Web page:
Much has been made this week about a revelation by U.K. divorce lawyers Divorce Online that "finds" Facebook behavior was named in about one-third of petitions filed in 2011.
"Facebook flirting causes one in three divorces," trumpets the headline in Forbes.
This sort of revelation isn't new, of course. Last March, the Guardian cited a 2010 survey by the American Academy of Matriomonial Lawyers suggesting that a majority of divorce cases use social networking posts, messages or comments as evidence.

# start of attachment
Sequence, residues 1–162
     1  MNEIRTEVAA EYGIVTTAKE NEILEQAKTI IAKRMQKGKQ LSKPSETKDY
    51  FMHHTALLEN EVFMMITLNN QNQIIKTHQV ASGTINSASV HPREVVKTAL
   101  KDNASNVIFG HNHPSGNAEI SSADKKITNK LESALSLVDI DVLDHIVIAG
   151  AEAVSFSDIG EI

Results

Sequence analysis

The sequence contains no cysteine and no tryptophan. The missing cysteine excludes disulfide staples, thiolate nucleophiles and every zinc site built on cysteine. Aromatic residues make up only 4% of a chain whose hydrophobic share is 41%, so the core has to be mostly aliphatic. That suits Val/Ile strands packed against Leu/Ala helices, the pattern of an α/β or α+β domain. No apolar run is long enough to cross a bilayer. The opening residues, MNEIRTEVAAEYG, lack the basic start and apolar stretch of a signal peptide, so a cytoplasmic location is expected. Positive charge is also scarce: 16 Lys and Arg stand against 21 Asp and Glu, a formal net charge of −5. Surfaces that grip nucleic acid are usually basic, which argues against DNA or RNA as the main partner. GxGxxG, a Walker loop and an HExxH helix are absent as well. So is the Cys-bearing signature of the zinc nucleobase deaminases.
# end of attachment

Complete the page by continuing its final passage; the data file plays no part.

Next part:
I have even heard friends comment that Facebook is "causing" relationship problems.
To that I say, people cause divorces, not computers. We've got to stop blaming the medium for the fact that people aren't grown-up enough to work through their problems. Yes, I am sure that social networks exacerbate problems that people already have. Perhaps they even encourage emotional affairs. They certainly make it easier to prove emotional infidelity.
But if a marriage is fundamentally sound in the first place, Facebook is about as harmless as your average neighborhood cocktail party.